130. SWANN'S WAY - Marcel Proust
  131. NATIVE SON - Richard Wright
  132. BOOKS DO FURNISH A ROOM - Anthony Powell
  133. CAUCASIAN CHALK CIRCLE - Bertolt Brecht
  134. OLD WIVES' TALE - Arnold Bennett
  135. TEMPORARY KINGS - Anthony Powell
  136. SOUND AND THE FURY - William Faulkner
  137. HEARING SECRET HARMONIES - Anthony Powell
  138. JANE EYRE - Charlotte Bronte
  139. FINNEGANS WAKE - James Joyce
  140. BRIDGE OF SAN LUIS REY - Thornton Wilder
  141. MAGNIFICENT AMBERSONS - Booth Tarkington
  142. UNDER THE NET - Iris Murdoch
  143. November
  144. AMBASSADORS - Henry James
  145. WITHIN A BUDDING GROVE - Marcel Proust
  146. HOWARD'S END - EM Forster
  147. MAGUS - John Fowles
  148. EVERYTHING BAD IS GOOD FOR YOU - Steven Johnson
  149. PORTNOY'S COMPLAINT - Philip Roth
  150. WOMAN IN WHITE - Wilkie Collins
  151. ADVENTURES OF AUGIE MARCH - Saul Bellow
  152. ROBINSON CRUSOE - Daniel Defoe
  153. MOLLOY - Samuel Beckett
  154. LES MISERABLES - Victor Hugo
  155. SISTER CARRIE - Theodore Dresier
  156. MALONE DIES - Samuel Beckett
  157. PRINCESS OF CLEVES - Madame de Lafayette
  158. UNNAMABLE - Samuel Beckett
  159. CALL IT SLEEP - Henry Roth
  160. GUERMANTES WAY - Marcel Proust
  161. HUNGER - Knut Hamsun
  162. TESS OF THE D'URBERVILES - Thomas Hardy
  163. December
  164. HERZOG - Saul Bellow
  165. COUNTERFEITERS - Andre Gide
  166. SCARLET LETTER - Nathanael Hawthorne
  167. PETERSBURG - Andre Bely
  168. DEAD SOULS - Nikolai Gogol
  169. AREAS OF MY EXPERTISE - John Hodgson
  170. ACCIDENTAL TOURIST - Anne Tyler
  171. BLACK WATER - Joyce Carol Oates
  172. ARE MEN NECESSARY? - Maureen Dowd
  173. CITIES OF SALT - 'Abd al-Rahamn Munif
  174. SODOM AND GOMORRAH - Marcel Proust
  175. THREE MUSKETEERS - Alexandre Dumas
  176. MAGIC MOUNTAIN - Thomas Mann
Cloned From: 

Good lord you're a media-busy guy. Do you have a job, partner, or bed?

Nope, not much of any of those things.

Good - that's the only way I can my head around your copious media consumption!

Impressive List.
What did you think of Wuthering Heights ? (which I have just finished)
I also read The Grapes Of Wrath this year.

Loved Wuthering Heights. It might be my favorite this year, definitely top three with Ulysses and Handful of Dust.

I also loved Wuthering Heights - the tragedy of what people do to one another, although I found it a little garbled and confusing. I preferred 'The Grapes of Wrath' which I have now added to my list of all-time favourites.

'Handful of Dust'/Waugh - now that sounds like my cup of tea. If I needed to add any more books to my library 'to read', this might just be my next purchase (which means that it will almost certainly be amongst my next purchases during my next 'weak moment').

One of the great things about Wuthering Heights is that the layers of narrative (of varied reliablity) make it difficult to know whom to trust, so that the reader has to piece the truth together for him or herself. The disorientation also works to keep the reader from judging too quickly, a brilliant strategy for a moralistic time.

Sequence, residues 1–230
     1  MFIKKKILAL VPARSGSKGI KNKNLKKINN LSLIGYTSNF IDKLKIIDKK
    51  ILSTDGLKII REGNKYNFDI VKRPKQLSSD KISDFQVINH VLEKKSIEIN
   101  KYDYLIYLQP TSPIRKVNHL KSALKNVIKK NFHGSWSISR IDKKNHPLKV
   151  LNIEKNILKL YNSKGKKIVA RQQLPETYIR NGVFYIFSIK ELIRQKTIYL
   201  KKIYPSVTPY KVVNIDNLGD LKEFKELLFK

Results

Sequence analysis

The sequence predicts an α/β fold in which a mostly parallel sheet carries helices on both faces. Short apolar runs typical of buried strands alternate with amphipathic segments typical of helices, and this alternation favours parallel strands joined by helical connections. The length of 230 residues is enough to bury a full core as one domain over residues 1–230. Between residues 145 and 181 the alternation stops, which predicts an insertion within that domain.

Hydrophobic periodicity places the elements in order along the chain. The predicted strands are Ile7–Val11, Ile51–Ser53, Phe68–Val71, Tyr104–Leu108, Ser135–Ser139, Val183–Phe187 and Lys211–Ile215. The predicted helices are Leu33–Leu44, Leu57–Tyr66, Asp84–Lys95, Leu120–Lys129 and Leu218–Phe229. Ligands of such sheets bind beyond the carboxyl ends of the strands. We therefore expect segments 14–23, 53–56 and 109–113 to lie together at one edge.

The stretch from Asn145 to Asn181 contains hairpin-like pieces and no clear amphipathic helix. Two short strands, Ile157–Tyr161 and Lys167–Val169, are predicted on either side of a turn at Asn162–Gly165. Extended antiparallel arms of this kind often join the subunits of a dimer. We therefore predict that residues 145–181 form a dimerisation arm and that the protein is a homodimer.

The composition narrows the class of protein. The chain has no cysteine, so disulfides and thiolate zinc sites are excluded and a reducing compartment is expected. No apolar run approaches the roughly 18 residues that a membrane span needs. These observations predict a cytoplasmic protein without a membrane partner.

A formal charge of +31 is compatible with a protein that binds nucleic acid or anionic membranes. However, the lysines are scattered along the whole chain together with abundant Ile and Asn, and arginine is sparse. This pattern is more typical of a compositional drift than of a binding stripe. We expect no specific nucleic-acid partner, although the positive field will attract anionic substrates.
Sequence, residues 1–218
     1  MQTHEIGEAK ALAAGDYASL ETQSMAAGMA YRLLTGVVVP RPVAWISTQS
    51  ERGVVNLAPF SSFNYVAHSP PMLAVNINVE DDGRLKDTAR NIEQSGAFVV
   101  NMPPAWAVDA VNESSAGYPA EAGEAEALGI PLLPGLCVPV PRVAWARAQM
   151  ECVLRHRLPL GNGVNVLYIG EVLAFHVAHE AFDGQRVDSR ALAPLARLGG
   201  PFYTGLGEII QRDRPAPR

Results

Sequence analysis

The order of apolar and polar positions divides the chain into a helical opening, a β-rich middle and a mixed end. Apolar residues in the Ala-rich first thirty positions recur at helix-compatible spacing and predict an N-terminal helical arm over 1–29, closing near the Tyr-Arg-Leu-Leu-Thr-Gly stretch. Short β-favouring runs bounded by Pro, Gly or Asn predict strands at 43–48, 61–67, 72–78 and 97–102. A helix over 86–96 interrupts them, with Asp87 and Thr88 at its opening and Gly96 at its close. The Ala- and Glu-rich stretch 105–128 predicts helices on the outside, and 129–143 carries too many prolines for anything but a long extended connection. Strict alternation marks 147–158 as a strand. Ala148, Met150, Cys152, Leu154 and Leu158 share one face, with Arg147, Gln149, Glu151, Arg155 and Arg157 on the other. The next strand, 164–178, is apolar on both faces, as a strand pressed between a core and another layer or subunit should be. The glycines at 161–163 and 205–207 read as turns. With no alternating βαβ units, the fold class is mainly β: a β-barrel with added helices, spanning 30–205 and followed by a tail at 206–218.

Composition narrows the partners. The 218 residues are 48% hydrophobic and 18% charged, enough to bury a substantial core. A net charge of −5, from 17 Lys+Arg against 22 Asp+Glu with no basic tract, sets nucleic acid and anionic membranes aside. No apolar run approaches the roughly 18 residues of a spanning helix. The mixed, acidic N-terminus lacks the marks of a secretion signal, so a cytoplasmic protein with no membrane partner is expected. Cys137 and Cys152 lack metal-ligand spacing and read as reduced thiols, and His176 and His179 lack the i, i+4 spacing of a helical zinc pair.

I cannot tell if that strategy was deliberate, or if it was the naivity of a first-time novelist. However, I do know that for me the 'layers of narrative' made it a long and confusing read, but despite this, and despite none of the characters being very sympathetic, I remained captivated throughout.

Where are you getting your ideas for what to read? This looks like a college reading list, with a little craziness thrown in.

The bulk of it is from Modern Library's "100 Best Novels of the 20th Century" and Daniel Burt's "Novel 100". And then whatever else struck my fancy along the way.

Great lists!

I've never heard of either of those lists, but they seem to know what they're talking about!

I can't believe you read Midnight's Children along with like 15 other books, all in the same month. That alone would take me the better part of a month!

Are you working on multiple books at once, or do you finish one cover to cover before starting the next?

I'm a cover-to cover gal, myself.

I read Midnight's Children in one day, around 10 hours plus breaks.

I normally have two books going at once, one physical and an audiobook I listen to at work. I know purists contemn the audio but some of the readers are really good.

Did you like the Garcia Marquez book? It is one of my favorite novels...

Shalom, y'all!

L. Bangs

I liked it very much. It had me riveted the whole way and exhausted in the end.

Sorry, I don't buy the list. According to your film and book lists in May 2005 you watched 112 films and read 12 books including Ulysses and Midnight's Children (which are at least a combined 1400 pages).

If you just count the movies as 1 1/2 hours each that is 168 hours worth of movies or over 5 1/2 hours of movie watching each day. Add to that the books and you either have absolutely no human contact, no job, or you are gilding the lilly just a wee bit.

The Ulysses one is a little deceiving because I started it in January. Before May I wasn't hitting the books real heavily.